29th Dec 2014
friends looking at the sea
Roche’s name was the only one worth tweeting these past few weeks as the Irish footballer was in the running to win Fifa’s goal of the year, which will be announced in the new year. The Shankill native made it to the final three and may easily be the first woman to nab the title. The goal in question occurred when she was playing for Peamount United in October of last year – she now plays for the French Division 1 F’minine team ASPTT Albi. The Republic of Ireland striker’s footwork was so nifty, it has already amassed over three million views on Youtube.?Gwan Stephanie.
It took Eimear McBride six months to write her debut novel A Girl is a Half-formed Thing. Getting the now universally acclaimed book on shelves took a little bit longer. For nine years, McBride’s manuscript languished in slush piles as it moved from publisher to publisher, eventually acquired by Galley Begger Press in 2013. The past twelve months have seen the book winning a heap of literary prizes, most famously the Baileys Women’s Prize for Fiction. And if you were worried about waiting a decade for book two, McBride has confessed to having her second manscript just about ready.
Buy A Girl Is a Half-formed Thing on Kindle
If 2014 belonged to any designer it was Simone Rocha. For the past few years she was contantly referred to as upcoming, finding her name coupled with that of her father’s in most reports. Her two appearances at London Fashion Week this year finally catuplulted her to the top of the game. Anna Wintour sat front row last Spring while September’s show in St Andrew’s church in Holborn is still drawing enchanted gasps from fashion circles. Harper’s Bazaar named her their Young Designer of the Year and she picked up the New Establishment Award at the British Fashion Awards.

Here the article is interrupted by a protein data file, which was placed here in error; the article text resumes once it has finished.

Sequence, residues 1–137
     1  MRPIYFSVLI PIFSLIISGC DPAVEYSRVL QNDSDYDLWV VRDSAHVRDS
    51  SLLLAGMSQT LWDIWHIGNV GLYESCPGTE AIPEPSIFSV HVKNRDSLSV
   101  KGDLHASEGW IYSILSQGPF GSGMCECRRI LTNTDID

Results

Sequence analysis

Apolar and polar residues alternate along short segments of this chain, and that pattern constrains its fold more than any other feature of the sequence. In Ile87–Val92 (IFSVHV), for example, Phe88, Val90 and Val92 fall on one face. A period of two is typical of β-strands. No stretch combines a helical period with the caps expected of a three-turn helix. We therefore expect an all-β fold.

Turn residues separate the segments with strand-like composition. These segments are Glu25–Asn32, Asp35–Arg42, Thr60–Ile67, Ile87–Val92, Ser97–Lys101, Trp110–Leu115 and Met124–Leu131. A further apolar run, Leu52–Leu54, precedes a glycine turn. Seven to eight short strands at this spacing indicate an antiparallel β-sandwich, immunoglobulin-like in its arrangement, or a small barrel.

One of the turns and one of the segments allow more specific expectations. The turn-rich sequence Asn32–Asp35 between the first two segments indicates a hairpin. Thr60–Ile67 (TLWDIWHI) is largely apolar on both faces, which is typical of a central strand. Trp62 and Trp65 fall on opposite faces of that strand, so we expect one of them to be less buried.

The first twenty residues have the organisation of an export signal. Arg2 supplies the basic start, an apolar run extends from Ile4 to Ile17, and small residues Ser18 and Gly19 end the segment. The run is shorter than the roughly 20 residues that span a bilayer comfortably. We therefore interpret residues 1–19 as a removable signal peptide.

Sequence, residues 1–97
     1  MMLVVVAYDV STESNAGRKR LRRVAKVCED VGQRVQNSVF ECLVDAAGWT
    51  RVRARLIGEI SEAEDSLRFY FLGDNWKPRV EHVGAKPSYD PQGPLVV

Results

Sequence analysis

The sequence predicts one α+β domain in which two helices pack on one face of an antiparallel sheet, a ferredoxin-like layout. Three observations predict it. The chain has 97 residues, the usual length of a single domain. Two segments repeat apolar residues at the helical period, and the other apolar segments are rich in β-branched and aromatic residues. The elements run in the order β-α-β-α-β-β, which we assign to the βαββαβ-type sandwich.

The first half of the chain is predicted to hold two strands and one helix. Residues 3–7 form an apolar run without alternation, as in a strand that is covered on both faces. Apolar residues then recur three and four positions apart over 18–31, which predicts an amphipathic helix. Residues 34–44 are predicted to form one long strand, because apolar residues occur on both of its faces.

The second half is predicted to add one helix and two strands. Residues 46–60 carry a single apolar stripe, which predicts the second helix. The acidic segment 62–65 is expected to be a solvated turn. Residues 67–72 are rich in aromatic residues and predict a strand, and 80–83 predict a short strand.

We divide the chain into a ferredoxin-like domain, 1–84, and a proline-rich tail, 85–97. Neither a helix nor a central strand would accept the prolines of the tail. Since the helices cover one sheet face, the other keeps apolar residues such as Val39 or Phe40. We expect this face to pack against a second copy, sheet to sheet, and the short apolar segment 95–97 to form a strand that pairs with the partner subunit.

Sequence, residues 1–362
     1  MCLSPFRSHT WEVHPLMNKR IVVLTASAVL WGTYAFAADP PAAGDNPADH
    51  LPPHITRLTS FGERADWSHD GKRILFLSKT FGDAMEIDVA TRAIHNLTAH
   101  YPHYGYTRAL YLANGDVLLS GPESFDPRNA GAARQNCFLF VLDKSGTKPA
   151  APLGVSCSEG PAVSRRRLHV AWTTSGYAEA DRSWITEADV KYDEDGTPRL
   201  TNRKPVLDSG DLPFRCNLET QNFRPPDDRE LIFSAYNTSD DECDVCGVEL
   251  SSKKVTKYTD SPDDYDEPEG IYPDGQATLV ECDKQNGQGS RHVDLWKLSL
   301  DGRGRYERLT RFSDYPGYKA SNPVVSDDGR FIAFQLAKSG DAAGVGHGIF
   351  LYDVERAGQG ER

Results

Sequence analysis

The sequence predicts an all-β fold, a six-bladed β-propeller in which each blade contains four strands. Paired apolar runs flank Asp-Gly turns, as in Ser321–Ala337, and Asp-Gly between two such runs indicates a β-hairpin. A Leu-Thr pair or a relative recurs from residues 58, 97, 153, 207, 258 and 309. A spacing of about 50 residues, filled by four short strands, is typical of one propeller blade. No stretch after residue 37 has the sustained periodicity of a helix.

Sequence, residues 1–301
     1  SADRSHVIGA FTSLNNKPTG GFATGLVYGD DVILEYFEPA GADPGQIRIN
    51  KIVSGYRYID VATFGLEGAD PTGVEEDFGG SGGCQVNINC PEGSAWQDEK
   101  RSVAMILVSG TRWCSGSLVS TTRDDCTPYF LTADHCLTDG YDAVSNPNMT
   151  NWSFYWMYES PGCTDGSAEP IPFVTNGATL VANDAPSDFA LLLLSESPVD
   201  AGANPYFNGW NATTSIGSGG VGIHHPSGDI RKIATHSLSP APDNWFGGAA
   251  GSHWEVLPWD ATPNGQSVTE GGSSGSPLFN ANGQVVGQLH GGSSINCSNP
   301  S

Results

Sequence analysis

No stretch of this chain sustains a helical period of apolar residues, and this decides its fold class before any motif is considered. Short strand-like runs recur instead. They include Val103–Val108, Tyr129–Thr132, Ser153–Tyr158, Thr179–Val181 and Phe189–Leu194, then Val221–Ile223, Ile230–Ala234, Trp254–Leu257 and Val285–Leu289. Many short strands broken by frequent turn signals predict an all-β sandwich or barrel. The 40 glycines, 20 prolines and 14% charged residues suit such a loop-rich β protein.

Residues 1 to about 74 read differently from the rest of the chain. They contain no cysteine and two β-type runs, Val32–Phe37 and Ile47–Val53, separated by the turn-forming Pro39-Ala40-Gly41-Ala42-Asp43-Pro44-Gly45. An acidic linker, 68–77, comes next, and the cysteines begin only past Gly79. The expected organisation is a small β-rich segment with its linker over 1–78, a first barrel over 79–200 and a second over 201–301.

O?Neill is one of the rising stars of young adult literature and released her first novel Only Every Yours earlier this year, a dystopian tale about women bred and raised only to please men, with the best becoming highly sought-after ?companions?. Described as The Handmaid’s Tale meets Mean Girls, the book is becoming the clever buy for the young, and older, women who are more Katniss than Carrie when it comes to fictional heroines. With rave reviews from the Irish Times, the Telegraph and Buzzfeed, O?Neill is one to watch, and read. She’s also something of a gas character on Twitter.
Buy Only Ever Yours on Kindle
A photo posted by Louise McSharry (@louisemcsharry) on Nov 11, 2014 at 10:19am PST
Broadcaster Louise McSharry has had quite the year. First she was announced as one of key names in 2fm new lineup, securing the weeknight slot with an eponymous show. Considering Irish broadcasting’s pretty embarassing record when it comes to putting female talent front and centre, this was cause for all the champagne. Then late summer saw McSharry make a shocking announcment. She had cancer – a curable cancer, but it’s hard not to hear the c word without the world momentarily stilling. In the months since McSharry has taken a break from the airwaves but has been writing about coping with her Hodgkin’s lymphoma diagnosis. Her columns for The Insider magazine have been our go-to midweek read, and last October she wrote about what it feels like to lose one’s hair to cancer. Gorgeous writing from the heart.
The year in politics has been tumultous to say the least, but if there is one name that has risen above the parapet and is respected the country over, it is that of Belfast campaigner Mairia Cahill. Cahill was raped aged 16 by a prominent member of the IRA at the height of the Troubles. At the time, her case was dealt with in an unofficial capacity by the republican organisation’s Army Council. Her abuser was not handed into the authorities. He is still at large and his name is known. Cahill has devoted the past few months to calling out the hypocrisy of republican politicians involved in the cover up of abuse cases. Here’s hoping she sees justice served in 2015.
Follow Jeanne Sutton on Twitter @jeannedesutun
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